Bezos’ launch into space inspires La. Tech Aerospace Engineering Club
RUSTON, La. (KNOE) - Jeff Bezos launched into space Tuesday, July 20 inspired people across the country, even Louisiana Tech’s Aerospace Engineering Club.
The club known as Aero is focusing on building and racing drones and trying to get into national competitions.
In early June, a few club members were able to travel to Lake Charles for the Chennault International Airshow. They volunteered and taught kids about STEM education and careers and aerospace engineering. They also learned how to fund club projects.
In the past, they say they’ve launched weather balloons with payloads and flown drones.
“The initial goal of the Aerospace Club at Tech is to get an aerospace engineering major at Tech because as far as I recall, there’s not actually an aerospace engineering major anywhere in Louisiana. There are little things here and there, but not a full program. So we’d love to get that at Tech. I feel like Tech could definitely support it. It would benefit many people who are in the club and who are in the club for the same reason,” club social media coordinator Chris Perry said.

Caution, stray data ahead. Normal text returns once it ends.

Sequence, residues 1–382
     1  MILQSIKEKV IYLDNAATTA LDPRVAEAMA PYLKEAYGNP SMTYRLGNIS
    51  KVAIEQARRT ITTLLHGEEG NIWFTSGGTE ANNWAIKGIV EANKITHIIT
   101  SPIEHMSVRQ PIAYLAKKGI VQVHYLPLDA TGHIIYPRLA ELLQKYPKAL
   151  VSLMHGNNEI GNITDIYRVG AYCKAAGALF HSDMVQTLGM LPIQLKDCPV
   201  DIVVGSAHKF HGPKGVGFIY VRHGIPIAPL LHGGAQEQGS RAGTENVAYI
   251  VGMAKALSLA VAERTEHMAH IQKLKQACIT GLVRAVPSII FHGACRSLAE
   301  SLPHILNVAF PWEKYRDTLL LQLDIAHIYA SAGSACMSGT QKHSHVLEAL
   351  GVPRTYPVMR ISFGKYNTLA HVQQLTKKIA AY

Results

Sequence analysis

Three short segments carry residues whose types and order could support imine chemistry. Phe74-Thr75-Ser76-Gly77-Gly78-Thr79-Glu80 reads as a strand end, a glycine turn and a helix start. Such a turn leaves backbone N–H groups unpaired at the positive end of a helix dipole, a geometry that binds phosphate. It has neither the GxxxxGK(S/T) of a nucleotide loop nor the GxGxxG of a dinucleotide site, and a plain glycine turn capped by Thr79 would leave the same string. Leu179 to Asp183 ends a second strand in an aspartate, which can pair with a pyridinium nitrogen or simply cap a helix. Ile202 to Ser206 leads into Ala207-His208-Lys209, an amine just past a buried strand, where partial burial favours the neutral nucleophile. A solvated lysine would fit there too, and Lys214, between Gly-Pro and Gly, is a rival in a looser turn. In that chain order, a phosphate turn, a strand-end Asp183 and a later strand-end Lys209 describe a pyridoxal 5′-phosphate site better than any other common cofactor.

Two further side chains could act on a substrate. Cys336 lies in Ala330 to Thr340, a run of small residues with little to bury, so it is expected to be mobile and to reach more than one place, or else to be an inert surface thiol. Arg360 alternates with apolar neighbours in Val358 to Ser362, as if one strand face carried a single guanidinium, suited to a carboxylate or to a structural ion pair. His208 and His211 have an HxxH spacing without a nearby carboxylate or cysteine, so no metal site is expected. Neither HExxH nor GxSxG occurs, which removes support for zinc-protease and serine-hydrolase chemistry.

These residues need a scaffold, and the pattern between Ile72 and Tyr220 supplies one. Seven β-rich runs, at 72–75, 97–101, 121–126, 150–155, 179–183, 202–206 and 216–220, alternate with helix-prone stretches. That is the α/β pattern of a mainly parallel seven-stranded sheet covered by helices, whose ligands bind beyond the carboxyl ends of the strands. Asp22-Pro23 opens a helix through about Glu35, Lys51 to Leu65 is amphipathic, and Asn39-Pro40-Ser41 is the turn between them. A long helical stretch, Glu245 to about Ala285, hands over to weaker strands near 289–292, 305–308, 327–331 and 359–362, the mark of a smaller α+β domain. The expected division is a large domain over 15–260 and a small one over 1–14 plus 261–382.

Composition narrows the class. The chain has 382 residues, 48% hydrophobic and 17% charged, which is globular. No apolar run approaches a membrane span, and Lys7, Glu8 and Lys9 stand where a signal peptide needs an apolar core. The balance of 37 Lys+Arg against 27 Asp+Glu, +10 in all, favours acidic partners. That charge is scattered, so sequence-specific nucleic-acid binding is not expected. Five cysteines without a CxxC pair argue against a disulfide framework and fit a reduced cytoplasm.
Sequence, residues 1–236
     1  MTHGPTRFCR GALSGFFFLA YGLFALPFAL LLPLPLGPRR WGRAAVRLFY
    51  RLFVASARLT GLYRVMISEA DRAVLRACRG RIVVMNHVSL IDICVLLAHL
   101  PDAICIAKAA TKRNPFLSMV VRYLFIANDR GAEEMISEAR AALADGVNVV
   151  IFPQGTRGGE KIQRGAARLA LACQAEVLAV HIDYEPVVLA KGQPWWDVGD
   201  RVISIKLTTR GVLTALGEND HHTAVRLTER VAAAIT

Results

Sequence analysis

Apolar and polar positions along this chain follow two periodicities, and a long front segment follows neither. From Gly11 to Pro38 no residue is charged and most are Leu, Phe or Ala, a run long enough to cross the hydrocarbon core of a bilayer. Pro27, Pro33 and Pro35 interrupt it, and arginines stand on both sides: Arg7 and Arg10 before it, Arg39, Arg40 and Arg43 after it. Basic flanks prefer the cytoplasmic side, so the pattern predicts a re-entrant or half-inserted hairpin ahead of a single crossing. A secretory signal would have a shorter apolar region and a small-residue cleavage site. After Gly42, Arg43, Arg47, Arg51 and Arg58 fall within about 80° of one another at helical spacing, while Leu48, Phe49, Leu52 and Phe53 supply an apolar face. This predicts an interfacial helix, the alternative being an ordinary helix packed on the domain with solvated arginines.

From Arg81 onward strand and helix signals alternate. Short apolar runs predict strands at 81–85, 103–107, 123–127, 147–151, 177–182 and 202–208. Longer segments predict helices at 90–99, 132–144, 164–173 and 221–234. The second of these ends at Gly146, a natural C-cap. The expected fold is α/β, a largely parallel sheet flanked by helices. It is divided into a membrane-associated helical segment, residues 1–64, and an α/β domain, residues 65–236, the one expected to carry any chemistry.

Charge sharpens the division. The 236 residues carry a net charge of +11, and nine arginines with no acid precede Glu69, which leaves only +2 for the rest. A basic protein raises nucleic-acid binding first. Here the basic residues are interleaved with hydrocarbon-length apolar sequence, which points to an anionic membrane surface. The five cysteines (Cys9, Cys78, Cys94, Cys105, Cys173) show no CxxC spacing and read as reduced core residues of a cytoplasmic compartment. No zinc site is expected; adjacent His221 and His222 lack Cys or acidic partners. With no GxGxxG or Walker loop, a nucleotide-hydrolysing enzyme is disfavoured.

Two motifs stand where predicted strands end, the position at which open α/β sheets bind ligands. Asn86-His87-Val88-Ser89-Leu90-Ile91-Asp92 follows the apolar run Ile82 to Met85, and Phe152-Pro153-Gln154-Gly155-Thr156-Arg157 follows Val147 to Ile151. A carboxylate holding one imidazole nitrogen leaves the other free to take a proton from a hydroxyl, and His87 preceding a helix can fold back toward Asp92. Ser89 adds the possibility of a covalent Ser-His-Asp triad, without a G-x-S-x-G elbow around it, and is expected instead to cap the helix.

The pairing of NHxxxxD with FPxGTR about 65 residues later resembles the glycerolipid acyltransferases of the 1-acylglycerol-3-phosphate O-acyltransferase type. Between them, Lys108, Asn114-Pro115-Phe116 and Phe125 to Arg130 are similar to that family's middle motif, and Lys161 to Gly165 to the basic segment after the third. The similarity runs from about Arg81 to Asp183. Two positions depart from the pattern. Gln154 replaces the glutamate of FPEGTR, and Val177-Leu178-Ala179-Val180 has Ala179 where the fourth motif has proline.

The club is planning to establish drone racing with teams focused on designing, building, and flying them. Their goal is to compete in events this fall.
They say the Bezos’ flight is exciting because they think it’s a big leap forward in our ability of transportation. The Blue Origin flight held the youngest and oldest person to ever fly in space.
The club hopes the flight will bring more attention to the aerospace field. Their goal is to add an aerospace engineering major at the university.
They say the flight opens up a conversation about space flight becoming normalized.
“The biggest cost with rocketry is the actual parts and their solution to that, companies like SpaceX and Blue Origin, are reusable parts. That’s why we saw that booster that carried up the crew capsule. We saw that booster reland so that booster has already been reused twice, and it can be used again. If you don’t have to pay for those parts every time, which are the most expensive part, then it can become much, much more affordable,” Perry said.
Club members hope to teach more young people about the importance of STEM education and careers.
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